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8 Cambridge tourist sites not M.I.T.- and Harvard-related

They do exist!

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Students are pouring back into the Boston area, including to Cambridge’s Massachusetts Institute of Technology and Harvard.

While there are plenty of sites to take in at and around those two schools, the surrounding city holds a fair amount of wonderment on its own.

Here’s a map of eight Cambridge spots worth seeking out that have absolutely nothing (or at least almost nothing) to do with M.I.T. or Harvard.

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1. Mount Auburn Cemetery

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580 Mt Auburn St
Cambridge, MA 02138
(617) 547-7105
Visit Website

This cemetery includes the remains of more than 900 people who served during the Civil War. The big sphinx statue, in fact, is a memorial to those who died in the war.

The larger Mount Auburn is one of the most influential cemeteries in the U.S. in terms of its design and the very fact of its then-rural roots.

2. Minuteman Commuter Bikeway

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Minuteman Commuter Bikeway
Cambridge, MA 02140

This 10-mile path follows the first footsteps of the Revolution, and runs through Cambridge, Arlington, and Lexington, out to Bedford.

Pick it up near the Alewife T stop if you’re looking for public transit. Or, if you’re looking for a little exercise while in Cambridge, hop on pretty much anywhere.

3. Cambridge Common

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Waterhouse St & Massachusetts Ave
Cambridge, MA 02138
(617) 349-4639
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The 16-acre park includes three cannon that George Washington’s troops seized after the British evacuated the Boston area in 1776.

There are other Revolutionary-related markers in the Common as well, including the tree beneath which Washington supposedly took command of the Continental Army.

This public park is not to be confused with the private watering hole nearby (though we highly recommend that, too).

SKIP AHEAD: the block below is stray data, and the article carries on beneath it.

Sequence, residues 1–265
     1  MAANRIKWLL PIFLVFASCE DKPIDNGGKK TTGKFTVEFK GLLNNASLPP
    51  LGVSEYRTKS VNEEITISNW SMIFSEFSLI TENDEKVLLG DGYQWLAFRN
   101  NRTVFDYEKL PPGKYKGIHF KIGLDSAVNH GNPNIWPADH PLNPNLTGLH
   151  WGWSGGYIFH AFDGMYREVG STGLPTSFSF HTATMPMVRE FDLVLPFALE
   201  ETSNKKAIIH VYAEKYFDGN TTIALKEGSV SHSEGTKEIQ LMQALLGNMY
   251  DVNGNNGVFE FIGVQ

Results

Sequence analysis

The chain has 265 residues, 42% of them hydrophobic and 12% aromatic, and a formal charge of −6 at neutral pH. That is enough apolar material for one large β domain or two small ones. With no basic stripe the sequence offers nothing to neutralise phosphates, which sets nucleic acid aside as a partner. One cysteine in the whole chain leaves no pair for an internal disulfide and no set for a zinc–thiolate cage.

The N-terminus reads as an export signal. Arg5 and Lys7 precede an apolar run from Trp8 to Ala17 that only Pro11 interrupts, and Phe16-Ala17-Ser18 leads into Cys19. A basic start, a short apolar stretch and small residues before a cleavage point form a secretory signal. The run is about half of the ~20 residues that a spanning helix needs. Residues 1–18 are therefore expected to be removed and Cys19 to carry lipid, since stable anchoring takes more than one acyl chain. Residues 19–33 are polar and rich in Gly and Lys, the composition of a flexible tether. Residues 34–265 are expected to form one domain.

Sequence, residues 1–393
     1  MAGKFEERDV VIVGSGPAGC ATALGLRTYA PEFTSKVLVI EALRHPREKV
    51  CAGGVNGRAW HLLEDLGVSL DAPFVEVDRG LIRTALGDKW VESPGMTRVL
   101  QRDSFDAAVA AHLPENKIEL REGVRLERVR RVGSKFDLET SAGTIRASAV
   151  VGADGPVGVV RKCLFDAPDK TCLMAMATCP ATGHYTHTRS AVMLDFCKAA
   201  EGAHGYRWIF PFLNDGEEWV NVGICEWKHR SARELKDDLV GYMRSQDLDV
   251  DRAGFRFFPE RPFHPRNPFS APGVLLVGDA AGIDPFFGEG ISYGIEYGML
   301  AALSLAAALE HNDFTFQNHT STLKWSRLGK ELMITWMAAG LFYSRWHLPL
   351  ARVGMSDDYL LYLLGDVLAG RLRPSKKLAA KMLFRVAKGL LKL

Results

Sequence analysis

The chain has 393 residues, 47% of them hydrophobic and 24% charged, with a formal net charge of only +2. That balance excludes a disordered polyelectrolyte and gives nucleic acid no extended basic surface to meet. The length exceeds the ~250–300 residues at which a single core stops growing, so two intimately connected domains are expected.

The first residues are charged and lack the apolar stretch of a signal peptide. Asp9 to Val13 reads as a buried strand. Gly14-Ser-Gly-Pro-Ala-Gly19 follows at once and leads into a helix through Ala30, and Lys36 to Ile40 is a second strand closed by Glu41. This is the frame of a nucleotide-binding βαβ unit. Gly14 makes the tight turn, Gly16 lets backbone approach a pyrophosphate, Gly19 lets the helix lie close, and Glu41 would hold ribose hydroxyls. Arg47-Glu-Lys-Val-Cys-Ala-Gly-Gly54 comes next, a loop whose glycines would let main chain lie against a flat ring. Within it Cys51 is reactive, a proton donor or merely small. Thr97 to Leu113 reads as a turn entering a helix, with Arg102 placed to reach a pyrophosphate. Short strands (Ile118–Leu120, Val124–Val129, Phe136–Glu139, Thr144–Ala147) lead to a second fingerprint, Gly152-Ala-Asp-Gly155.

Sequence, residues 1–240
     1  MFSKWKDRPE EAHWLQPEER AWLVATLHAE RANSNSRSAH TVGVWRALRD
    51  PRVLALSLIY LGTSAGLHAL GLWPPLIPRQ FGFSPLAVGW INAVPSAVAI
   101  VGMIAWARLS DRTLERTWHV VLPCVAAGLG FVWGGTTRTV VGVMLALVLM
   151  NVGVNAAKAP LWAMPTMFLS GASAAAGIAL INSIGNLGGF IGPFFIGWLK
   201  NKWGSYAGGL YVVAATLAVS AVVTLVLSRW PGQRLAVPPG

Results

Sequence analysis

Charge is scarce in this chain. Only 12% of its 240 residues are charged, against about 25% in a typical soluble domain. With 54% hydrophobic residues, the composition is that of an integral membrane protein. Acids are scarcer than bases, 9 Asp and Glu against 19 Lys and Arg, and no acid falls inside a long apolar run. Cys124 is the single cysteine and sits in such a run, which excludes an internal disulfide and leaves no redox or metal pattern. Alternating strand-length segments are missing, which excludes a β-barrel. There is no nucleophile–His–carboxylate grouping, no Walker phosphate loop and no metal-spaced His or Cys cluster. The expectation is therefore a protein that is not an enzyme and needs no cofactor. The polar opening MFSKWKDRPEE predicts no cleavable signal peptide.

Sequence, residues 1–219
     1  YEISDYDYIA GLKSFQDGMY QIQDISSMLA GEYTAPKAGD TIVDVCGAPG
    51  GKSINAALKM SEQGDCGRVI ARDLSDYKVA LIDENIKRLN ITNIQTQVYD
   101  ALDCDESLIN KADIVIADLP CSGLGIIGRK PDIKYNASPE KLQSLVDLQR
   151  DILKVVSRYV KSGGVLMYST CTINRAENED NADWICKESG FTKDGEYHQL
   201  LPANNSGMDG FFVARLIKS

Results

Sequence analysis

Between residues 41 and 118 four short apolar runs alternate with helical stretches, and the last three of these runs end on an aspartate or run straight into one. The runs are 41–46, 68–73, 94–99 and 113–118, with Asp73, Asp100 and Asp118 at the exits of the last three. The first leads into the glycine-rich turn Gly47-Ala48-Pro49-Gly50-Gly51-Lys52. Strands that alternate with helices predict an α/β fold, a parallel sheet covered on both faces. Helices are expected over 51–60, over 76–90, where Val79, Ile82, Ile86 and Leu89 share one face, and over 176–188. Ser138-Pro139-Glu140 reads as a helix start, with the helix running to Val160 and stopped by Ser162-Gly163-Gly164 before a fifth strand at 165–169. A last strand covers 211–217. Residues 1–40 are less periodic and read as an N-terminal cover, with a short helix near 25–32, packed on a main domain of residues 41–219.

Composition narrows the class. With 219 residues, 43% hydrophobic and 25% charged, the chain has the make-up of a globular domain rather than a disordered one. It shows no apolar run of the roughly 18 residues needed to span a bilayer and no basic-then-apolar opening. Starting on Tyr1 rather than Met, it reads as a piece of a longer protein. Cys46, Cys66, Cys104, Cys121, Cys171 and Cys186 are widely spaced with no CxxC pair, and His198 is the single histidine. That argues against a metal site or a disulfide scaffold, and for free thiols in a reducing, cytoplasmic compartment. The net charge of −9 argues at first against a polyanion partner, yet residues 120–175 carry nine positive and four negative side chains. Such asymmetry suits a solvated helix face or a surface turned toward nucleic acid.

Three vintage cannons arrayed in a public park.

4. Old Burial Ground

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Massachusetts Ave
Cambridge, MA 02140
(617) 349-4683
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The first grave here dates from 1653, and, because it was the only burying ground in Cambridge for about 200 years, it contains more than 1,200 resting places.

5. Julia Child landmarks

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103 Irving St
Cambridge, MA 02138

Culinary pioneer Julia Child lived for decades in the house at 103 Irving Street, just east of Harvard (it’s a private home, so please don’t ring the doorbell).

She shopped for ingredients at Savenor’s nearby at 92 Kirkland Street and received the Legion of Honor from the French government at the Meridien Hotel at 20 Sidney Street, also in Cambridge.

6. Cambridge Public Library—Main branch

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449 Broadway
Cambridge, MA 02138
(617) 349-4040
Visit Website

The original Romanesque building dates from the late 1880s, and a massive modern expansion opened adjacent to it in 2009.

That addition was one of the first U.S. buildings to incorporate double-skin curtain walls—old meets new, and just down the street from Harvard’s main campus!

EandJsFilmCrew/Flickr

7. Fort Washington Park

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95 Waverly St
Cambridge, MA 02139
(617) 349-6200
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This park sports not only clear vestiges of the oldest surviving fortification from the Revolutionary War, but five life-size, painted-steel silhouettes, including of four Continental Army troops.